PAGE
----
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« Reply #70 on: March 06, 2007, 09:46:32 PM »

Let's put it this way. I went to an OCA parish last week and this priest had to do the most complete pre-sanctified I'd ever seen, down to closing the curtain half way at communion. I was physically exhausted from doing so many poklons.

The BCC pre-sanctified otoh, was nothing but kneeling, sitting, no poklons, and inclusive language. (Loves us all, instead of loves mankind). This was in the Parma eparchy. The latter seemed like a travesty compared to the former. Makes me glad I'm now Orthodox. Should have done it years ago. Grin

Well many seemed unpleased about the "God who loves us all" stuff, but besides that you are juggling a Russian tradition with a Carpatho-Russian tradition.  I don't judge how appropriate worship is according to if the priest used the curtain (not a Rusyn tradition, we don't even have curtains).  See, you say you are glad to be Orthodox now, but does that mean I am less Orthodox because my diocese has a different pre-sanctified tradition than your Orthodox diocese? 
I'm glad you liked the OCA event and it was prayerful, and I do agree with your distaste for the inclusive language. 
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« Reply #71 on: March 06, 2007, 10:21:14 PM »

Well many seemed unpleased about the "God who loves us all" stuff, but besides that you are juggling a Russian tradition with a Carpatho-Russian tradition.  I don't judge how appropriate worship is according to if the priest used the curtain (not a Rusyn tradition, we don't even have curtains).  See, you say you are glad to be Orthodox now, but does that mean I am less Orthodox because my diocese has a different pre-sanctified tradition than your Orthodox diocese? 
I'm glad you liked the OCA event and it was prayerful, and I do agree with your distaste for the inclusive language. 

Hold up a minute. I'm not saying one Orthodox jurisdiction is better than another. I was only comparing the BCC to the OCA, (which as most know was made up of former Byzantines and their descendents.).  The OCA is light years ahead of the BCC as far as rubrics go. I can say so with confidence because I am a former Byzantine.

The ACROD as you know is also from the BCC and made up of Rusyns, as is the majority of the OCA. It's just that the OCA follows mostly Russian usage, while the ACROD kept most of the BCC tradition intact. So it's really unrealistic to compare the two. The only thing that really counts is that we're both Orthodox regardless of jurisdiction. S'nami Boh!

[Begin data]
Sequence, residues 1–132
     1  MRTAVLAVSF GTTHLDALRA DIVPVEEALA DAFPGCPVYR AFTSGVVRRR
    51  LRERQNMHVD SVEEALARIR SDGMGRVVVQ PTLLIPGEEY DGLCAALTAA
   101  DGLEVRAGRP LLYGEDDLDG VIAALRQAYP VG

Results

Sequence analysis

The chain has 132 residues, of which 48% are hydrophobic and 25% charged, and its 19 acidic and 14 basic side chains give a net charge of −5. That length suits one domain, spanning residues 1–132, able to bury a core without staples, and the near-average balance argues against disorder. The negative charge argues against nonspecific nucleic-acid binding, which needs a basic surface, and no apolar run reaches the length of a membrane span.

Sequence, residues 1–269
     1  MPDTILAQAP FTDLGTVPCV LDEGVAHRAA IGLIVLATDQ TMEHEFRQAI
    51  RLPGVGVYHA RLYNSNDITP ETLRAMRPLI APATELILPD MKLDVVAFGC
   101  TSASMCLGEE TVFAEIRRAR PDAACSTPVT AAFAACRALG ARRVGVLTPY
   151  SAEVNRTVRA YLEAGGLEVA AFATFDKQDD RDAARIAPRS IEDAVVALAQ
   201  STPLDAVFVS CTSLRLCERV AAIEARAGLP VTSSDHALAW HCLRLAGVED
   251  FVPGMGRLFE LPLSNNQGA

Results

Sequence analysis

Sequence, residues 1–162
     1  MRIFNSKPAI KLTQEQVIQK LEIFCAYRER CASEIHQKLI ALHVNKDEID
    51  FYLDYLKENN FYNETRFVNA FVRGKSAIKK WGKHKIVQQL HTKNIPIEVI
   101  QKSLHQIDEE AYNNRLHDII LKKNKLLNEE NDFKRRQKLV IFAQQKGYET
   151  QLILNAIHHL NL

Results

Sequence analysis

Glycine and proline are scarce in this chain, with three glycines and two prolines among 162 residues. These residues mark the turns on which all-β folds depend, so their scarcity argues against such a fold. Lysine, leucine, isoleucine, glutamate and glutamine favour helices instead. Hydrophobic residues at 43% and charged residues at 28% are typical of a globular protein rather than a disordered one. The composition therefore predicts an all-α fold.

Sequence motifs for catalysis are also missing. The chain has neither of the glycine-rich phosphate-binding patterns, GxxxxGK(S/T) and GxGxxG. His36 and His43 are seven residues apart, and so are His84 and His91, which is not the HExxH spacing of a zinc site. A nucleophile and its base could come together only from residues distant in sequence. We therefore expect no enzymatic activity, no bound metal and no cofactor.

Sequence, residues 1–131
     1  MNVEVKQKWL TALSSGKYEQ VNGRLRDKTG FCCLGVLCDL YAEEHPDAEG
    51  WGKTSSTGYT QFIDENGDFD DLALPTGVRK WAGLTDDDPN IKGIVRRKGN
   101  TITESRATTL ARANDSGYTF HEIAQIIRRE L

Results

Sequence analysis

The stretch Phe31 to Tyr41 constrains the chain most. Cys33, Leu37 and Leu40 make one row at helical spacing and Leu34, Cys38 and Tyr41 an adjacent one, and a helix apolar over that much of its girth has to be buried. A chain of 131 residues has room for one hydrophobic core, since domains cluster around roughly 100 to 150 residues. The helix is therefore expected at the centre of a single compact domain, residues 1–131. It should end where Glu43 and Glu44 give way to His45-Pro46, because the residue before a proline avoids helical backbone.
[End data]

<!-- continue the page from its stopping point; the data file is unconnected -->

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« Reply #72 on: March 09, 2007, 03:17:13 AM »

Hold up a minute. I'm not saying one Orthodox jurisdiction is better than another. I was only comparing the BCC to the OCA, (which as most know was made up of former Byzantines and their descendents.).  The OCA is light years ahead of the BCC as far as rubrics go. I can say so with confidence because I am a former Byzantine.

The ACROD as you know is also from the BCC and made up of Rusyns, as is the majority of the OCA. It's just that the OCA follows mostly Russian usage, while the ACROD kept most of the BCC tradition intact. So it's really unrealistic to compare the two. The only thing that really counts is that we're both Orthodox regardless of jurisdiction. S'nami Boh!

Read the little blurb above my picture on the left of the screen.  Look up my recent posts.  The Byzcath Pre-Sanctified is sooooooooo close to the ACROD. 
I held on for a minute Wink
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« Reply #73 on: March 19, 2007, 08:47:42 AM »

I'm not sure if this is a new or old change, but it appears at least one EC Church in this country allows lay people to distribute communion during the liturgy.
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« Reply #74 on: March 19, 2007, 10:04:26 AM »

Never heard or saw that before.  Where's this church?
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« Reply #75 on: March 19, 2007, 03:58:55 PM »

Schultz, I believe it was here in the People's Republic.
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« Reply #76 on: March 19, 2007, 04:02:12 PM »

Hm, interesting.  As I said, I've never heard of that happening and, as far as I know, that's something that our heirarchs haven't authorized.